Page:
C: "Fuck! Naw! Hang on!" <more running, jumps a fence, skids to a stop>
C: "Ok, I'm safe, I'm safe... So what I gotta do to get y'all to let me back into my shit?"
*MUTE* Me: "First of all, what the fuck are you doing on the phone with me when you should be either A) calling the cops because, I dunno, just maybe some trouser stain is attempting to kill you, or, B) FIRING BACK, MOTHERFUCKER!!"
*REAL* Me: "OK, first you gotta… (outlines step 1,2,3... etc)
C: "OK, that sounds easy enough. I'll try it when I get to the office, I'm on my way there now- shit. Hold on again..."
(talking to someone on the street): "what, him? That dude? Over there? That dude... In the shirt?What the fuck!? Are you sure? Hold on, sir! I'ma call you back..."
Last thing I hear before the line lets go is a large BOOM!
Sometimes it's best to just sit back and sip your coffee...7
Yes after months of writing this .NET core 3.1 API, I am still going back and rewriting the Auth flow.
I talk to a lifelong .Net Guru yesterday to get advise about JWT flow with .NET. His take in summary:
"Oh haha yeah all of these settings you kinda just copy over an forget about them over time. They change drastically between every version anyways. 2.0s approach is so different than 3.0-3.1s. "
We then proceed to spend hours trying to copy other peoples solutions and satisfy the type requirements for different services.
Guys look im trying really really hard to get into .NET. Harder then i should try. I come from .Node & php where you import a JWT library, you get the creds, check em and call on function to issue an Bearer token. You write a 5 line middleware function for getting teh claim and fetching the user into global scope and done.
This has been an ongoing nightmare and im about sick of it. I dont need a framework with an over-opinionated, ever changing way of handling auth.
OTHER FRAMEWORKS ARE SCAFFOLDING THIS SHIT FOR US ALREADY!!! ITS THE POINT OF A FRAMEWORK!! TO NOT HAVE TO REINVENT THE WHEEL!!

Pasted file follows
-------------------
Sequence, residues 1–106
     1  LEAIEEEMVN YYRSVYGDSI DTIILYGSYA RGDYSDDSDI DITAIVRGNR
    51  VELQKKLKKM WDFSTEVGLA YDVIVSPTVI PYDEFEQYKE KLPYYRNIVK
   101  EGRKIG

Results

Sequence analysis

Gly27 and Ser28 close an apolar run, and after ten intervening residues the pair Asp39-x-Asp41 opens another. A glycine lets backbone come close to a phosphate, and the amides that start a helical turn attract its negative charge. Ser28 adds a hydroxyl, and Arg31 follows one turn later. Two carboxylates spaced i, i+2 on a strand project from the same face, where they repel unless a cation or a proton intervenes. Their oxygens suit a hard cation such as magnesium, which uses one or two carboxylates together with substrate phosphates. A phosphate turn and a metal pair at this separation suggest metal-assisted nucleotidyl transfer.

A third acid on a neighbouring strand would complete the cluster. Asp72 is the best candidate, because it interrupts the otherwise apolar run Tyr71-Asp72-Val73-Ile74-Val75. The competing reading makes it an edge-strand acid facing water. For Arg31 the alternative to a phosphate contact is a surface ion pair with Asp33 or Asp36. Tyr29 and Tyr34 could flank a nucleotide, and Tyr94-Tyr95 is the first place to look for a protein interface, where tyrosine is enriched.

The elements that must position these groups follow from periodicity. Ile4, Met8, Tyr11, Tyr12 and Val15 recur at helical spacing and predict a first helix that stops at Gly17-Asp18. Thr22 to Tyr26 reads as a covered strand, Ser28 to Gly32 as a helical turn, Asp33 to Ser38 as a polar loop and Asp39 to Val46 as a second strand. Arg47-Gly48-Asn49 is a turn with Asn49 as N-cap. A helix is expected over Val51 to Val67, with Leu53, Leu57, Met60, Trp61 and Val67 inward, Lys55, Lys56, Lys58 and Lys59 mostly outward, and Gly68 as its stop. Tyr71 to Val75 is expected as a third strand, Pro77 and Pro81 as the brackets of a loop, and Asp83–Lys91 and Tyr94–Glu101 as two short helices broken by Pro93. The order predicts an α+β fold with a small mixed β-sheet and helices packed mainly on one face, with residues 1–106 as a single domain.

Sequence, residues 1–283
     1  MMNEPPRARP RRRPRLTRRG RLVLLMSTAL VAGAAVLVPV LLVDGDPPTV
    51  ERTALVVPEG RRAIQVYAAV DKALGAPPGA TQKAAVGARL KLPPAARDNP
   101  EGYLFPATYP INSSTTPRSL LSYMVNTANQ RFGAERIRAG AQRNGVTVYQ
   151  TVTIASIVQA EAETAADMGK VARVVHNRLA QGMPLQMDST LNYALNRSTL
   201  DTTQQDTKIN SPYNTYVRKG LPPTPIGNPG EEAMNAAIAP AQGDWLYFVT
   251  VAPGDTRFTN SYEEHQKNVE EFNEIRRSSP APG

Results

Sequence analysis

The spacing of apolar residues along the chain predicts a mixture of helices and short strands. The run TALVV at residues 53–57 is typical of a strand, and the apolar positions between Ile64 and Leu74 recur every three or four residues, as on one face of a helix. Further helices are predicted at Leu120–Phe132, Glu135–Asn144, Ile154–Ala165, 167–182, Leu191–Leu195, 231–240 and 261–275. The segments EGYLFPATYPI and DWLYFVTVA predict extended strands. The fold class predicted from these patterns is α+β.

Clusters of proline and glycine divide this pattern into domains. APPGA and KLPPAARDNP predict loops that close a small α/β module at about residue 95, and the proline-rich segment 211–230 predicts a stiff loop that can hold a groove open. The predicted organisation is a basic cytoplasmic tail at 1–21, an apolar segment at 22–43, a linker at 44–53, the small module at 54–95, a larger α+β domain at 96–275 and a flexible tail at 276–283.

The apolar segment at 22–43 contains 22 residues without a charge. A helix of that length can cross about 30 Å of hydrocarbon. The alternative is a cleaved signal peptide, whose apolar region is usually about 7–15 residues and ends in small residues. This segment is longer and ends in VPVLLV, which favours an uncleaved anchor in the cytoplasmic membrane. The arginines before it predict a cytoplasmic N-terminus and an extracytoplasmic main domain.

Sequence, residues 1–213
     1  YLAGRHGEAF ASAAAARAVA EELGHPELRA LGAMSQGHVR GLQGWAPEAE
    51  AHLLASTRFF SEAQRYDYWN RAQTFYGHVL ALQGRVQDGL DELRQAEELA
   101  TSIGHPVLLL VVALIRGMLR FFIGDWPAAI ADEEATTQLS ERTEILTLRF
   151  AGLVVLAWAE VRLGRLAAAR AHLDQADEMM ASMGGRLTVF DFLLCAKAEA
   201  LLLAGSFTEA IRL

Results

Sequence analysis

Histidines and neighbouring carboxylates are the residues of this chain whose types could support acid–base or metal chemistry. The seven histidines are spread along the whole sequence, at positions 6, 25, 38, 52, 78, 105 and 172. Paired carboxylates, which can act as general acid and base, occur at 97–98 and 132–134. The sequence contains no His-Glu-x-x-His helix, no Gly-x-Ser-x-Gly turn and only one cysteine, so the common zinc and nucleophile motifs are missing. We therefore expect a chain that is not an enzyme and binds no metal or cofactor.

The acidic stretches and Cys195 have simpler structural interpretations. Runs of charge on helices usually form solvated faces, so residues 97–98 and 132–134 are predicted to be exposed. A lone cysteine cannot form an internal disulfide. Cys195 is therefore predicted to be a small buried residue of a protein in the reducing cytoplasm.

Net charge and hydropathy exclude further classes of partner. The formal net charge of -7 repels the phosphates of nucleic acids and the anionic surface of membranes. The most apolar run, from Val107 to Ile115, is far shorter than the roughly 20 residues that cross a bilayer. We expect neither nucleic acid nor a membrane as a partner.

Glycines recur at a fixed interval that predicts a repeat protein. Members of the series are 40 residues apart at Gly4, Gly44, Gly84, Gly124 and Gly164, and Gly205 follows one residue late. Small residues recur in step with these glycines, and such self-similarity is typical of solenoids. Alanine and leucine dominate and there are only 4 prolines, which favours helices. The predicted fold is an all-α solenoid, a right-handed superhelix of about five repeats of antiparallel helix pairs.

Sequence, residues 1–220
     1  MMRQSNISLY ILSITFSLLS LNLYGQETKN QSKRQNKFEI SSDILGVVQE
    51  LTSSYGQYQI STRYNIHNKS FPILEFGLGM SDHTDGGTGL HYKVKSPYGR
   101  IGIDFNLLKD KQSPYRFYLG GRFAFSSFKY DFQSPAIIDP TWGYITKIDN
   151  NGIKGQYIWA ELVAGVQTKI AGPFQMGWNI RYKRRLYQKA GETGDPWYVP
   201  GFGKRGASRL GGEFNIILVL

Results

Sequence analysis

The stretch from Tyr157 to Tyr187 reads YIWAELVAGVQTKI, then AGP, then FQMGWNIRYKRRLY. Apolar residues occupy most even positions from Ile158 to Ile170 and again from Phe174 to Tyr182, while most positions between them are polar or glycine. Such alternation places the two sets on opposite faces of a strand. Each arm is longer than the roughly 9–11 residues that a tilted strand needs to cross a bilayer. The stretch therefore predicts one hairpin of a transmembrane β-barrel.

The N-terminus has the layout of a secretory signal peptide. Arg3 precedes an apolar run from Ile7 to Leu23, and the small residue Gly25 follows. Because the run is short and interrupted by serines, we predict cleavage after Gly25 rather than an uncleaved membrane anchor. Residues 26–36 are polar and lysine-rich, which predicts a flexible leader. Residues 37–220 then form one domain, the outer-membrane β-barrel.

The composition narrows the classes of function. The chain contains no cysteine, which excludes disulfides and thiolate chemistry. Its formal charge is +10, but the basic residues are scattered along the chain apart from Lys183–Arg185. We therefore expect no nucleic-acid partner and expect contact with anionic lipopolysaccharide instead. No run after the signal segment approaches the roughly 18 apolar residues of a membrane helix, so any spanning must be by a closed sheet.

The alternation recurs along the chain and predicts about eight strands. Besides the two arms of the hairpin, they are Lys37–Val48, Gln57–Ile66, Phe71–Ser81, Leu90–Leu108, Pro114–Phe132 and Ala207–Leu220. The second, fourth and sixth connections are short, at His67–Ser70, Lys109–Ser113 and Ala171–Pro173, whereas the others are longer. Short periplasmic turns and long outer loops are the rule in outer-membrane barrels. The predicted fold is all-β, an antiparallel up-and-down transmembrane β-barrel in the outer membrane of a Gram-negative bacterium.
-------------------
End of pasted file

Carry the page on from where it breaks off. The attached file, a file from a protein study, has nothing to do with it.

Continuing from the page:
.NET needs to get its shit together. Most everything else about the framework is proving to be pretty rad though. Im about to get into SignalR though and im sure ill find equal frustration there.11
Updated to iOS 12.1.2 (sleazy release 2) after previously getting fucked up the ass by iOS 12.1.2 first release. Yes boys and girls, they tried to cover up their latest fuckup by re-releasing the same release with a modification.
The first time I updated, it knocks my Apple ID out on all my Apple devices when I upgrade my iPhone to 12.1.2. Mother fuckers... gotta log back in for every device, iPads, iPhones, Apple TVs, Macs. And for each service iTunes Store, Messages, FaceTime on each device supporting. Oh yea, it knocks out my Wi-Fi calling and I have to reestablish that too. Then to really ice me, it knocks out my HomeKit system as the Apple ID is knocked out on the Apple TV.
Now after updating just my iPhone to the second 12.1.2 "sleaze release", the thing knocks all my devices out again.
Apple has taken away that which I loved; impeccable engineering and design that could be used as the model for an entire industry. The industry guru. (teacher, leader) Apple has become the new Microsoft.
October 5, 2011, the day Apple died.4
Serverless and death of Programming?!
I hate serverless at work, love it at home, what's your advice?
- Is this the way things be from now on, suck it up.
- This will mature soon and Code will be king again.
- Look for legacy code work on big Java monolith or something.
- Do front-end which is not yet ruined.
- Start my own stuff.
Once one mechanic told me "I become mechanic to escape electrical engineering, but with modern cars...". I'm having similar feelings about programming now.
All of the sudden everyone is doing Serverless, so I looked into it too, accidentally joined the company that does enterprise scale Serverless mostly.
First of all, I like serverless (AWS Lambda in specific) and what it enables - it makes 100% sense and 100% business sense for 80% of time.
So all is great? Not so much... I love it as independent developer, as it enables me to quickly launch products I would have been hesitant due to effort required before. However I hate it in my work - to be continued bellow...
_I'm fake engineer_
I love programming! I love writing code. I'm not really an engineer in the sense that I don't like hustle with tools and spending days fixing obscure environment issues, I rather strive for clean environment where there's nothing between me and code. Of course world is not perfect and I had to tolerate some amounts of hustle like Java and it's application servers, JVM issues, tools, environments... JS tools (although pain is not even close to Java), then it was Docker-ization abuse everywhere, but along the way it was more or less programming at the center. Code was the king, devOps and business skills become very important to developers but still second to code. Distinction here is not that I can't or don't do engineering, its that it requires effort, while coding is just natural thing that I can do with zero motivation.
_Programming is Dead?!_
Why I hate Serverless at work? Because it's a mess - I had a glimpse of this mess with microservices, but this is way worse...
On business/social level: